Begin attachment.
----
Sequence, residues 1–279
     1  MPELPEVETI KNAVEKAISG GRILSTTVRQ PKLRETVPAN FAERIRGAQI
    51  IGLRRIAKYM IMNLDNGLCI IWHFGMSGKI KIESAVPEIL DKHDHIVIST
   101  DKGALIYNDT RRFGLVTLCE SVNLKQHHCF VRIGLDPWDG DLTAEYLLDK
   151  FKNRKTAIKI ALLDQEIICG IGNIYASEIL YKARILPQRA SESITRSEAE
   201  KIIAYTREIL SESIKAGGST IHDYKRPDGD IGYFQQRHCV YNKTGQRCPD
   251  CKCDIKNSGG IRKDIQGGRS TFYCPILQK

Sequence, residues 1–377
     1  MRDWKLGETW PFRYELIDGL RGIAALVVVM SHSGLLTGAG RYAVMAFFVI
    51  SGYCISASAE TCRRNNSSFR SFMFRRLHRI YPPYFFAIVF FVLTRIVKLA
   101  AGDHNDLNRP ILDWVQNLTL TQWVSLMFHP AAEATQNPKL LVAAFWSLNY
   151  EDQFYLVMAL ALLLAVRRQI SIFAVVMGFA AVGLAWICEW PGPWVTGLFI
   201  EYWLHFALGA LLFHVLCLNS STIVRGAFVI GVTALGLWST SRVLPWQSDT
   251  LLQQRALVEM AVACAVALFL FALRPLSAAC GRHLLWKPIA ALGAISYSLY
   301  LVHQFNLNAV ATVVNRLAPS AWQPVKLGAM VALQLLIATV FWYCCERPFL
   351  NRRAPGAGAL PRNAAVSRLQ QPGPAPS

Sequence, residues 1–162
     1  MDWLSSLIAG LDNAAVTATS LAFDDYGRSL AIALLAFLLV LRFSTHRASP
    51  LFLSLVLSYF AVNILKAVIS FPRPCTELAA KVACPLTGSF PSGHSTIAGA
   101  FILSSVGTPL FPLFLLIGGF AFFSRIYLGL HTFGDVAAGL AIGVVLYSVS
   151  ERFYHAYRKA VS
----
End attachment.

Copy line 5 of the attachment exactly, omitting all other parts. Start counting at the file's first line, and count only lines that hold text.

   151  FKNRKTAIKI ALLDQEIICG IGNIYASEIL YKARILPQRA SESITRSEAE